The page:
Every day I’m bombarded with choices. I’m faced with the choice of choosing quality vs quantity.
One amazing patisserie cake or two grocery store cakes. Two pieces of IKEA furniture or one piece at West Elm. McDonald’s vs anything else. That McDonald’s at the end of my street really isn’t good for my waistline.
But quality vs quantity may not be the best way to look at the choice. Ultimately I’m making a choice of what is going to give me the best value for my purpose.
The more often I expect to use something, the more likely I'm going to choose quality.
Consider my choice of smartphone. I choose a quality built product like an iPhone because I know I’m going to use it every day, several times a day, hopefully for 3+ years.
If I’m buying dishwashing detergent, then I’m more likely to choose a commodity type of product that will give me a high amount of uses for the lowest price. Even though I'm going to use it every day, the difference in performance isn't likely much different at the top and bottom end price.
Quality Hand Bags
My wife is in the market for a new cross-body handbag. She bought her current bag about 4 years ago and has used it almost every day. As a result, it’s taken some wear and tear. At the time it cost about $800. Given the frequency of use there is value in choosing and paying for a quality product. As we pass through airports, we continue to look for the perfect bag at the right price.
A high price doesn’t always = quality, or equal the desired product
My wife has tried plenty of bags that cost more than $800 but none have convinced her to buy, even before looking at the price.
The rules I’ve adopted when making a purchase are:
- If it’s something that’s a one time use, then go for commodity product
- If it’s something that’s a long-term use, then go for quality
- When looking for quality, look for the good “gut feeling”, that “wow factor”. No point spending money on something you aren't impressed by.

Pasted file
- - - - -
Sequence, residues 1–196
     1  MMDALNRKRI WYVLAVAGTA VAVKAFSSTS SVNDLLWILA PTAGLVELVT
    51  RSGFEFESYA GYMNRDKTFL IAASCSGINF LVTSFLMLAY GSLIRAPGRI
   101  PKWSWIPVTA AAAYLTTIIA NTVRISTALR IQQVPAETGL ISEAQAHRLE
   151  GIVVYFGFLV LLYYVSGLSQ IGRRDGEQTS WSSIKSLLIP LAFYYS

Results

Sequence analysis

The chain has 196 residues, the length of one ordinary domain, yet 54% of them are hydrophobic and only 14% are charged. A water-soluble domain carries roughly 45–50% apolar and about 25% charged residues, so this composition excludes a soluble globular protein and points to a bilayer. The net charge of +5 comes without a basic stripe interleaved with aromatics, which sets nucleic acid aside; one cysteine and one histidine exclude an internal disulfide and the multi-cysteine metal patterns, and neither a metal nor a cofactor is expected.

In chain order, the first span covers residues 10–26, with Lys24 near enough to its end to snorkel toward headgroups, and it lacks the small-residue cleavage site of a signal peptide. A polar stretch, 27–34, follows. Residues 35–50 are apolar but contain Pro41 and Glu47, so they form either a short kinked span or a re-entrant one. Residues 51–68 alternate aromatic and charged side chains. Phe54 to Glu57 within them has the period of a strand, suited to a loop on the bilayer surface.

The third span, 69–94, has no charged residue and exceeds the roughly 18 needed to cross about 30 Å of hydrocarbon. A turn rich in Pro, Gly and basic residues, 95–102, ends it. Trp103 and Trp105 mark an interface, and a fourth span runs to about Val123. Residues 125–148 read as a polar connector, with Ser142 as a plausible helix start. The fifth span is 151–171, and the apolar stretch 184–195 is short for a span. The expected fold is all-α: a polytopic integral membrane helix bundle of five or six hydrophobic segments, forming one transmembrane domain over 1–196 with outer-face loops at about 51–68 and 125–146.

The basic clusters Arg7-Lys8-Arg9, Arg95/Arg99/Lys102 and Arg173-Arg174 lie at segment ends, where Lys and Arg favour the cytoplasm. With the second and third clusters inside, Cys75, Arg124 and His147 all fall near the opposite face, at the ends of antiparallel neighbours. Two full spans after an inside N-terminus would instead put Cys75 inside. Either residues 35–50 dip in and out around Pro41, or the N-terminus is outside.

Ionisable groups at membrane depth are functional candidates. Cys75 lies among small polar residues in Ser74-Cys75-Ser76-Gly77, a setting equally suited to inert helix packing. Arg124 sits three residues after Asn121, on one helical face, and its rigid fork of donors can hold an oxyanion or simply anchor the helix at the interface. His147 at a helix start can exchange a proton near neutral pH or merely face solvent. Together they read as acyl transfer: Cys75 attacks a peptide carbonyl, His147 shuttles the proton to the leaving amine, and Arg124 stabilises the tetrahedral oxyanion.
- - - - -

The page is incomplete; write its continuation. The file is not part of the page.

- Then look at the price and consider how many times or years you will use it for and determine the “per use” or “per year” price.
- If you can justify the “per use” or “per year” price against an alternative cheaper product that you would have to replace more often, then maybe it’s the right purchase.
- If you don’t know yet how much you will use it then think about it more.
I want an espresso machine, but I’m not sure yet how often I’ll use it since we have never made coffee at home yet. I want a toaster, but we’ve only eaten bread at home a handful of times in the last year. I want a sound bar to amplify the music from my iPad, but I’m not sure the improved quality is necessary.
This is my process. Walking step by step through the process every time I want to buy something helps me be several times more thoughtful with how I spend my money. It ends up delaying the purchases I make, showing me that I can live without them. More than half the time I end up not buying anything.
Saving Money requires rules that prevent you from making unnecessary purchases. But it shouldn’t stop you from making necessary and life-improving purchases. These rules help me be more intentional with how I spend and save my money.
Save Money Retire Early is written by Jon Lo, a barely 30 something change optimist, and personal finance guy. I believe anyone can be rich or poor, it's what you save that makes the difference.